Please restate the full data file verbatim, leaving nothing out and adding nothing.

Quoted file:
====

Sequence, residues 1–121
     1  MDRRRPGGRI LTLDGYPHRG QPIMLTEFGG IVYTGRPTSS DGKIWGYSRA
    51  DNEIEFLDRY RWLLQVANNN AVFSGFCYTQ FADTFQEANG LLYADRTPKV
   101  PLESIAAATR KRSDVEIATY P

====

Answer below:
Sequence, residues 1–121
     1  MDRRRPGGRI LTLDGYPHRG QPIMLTEFGG IVYTGRPTSS DGKIWGYSRA
    51  DNEIEFLDRY RWLLQVANNN AVFSGFCYTQ FADTFQEANG LLYADRTPKV
   101  PLESIAAATR KRSDVEIATY P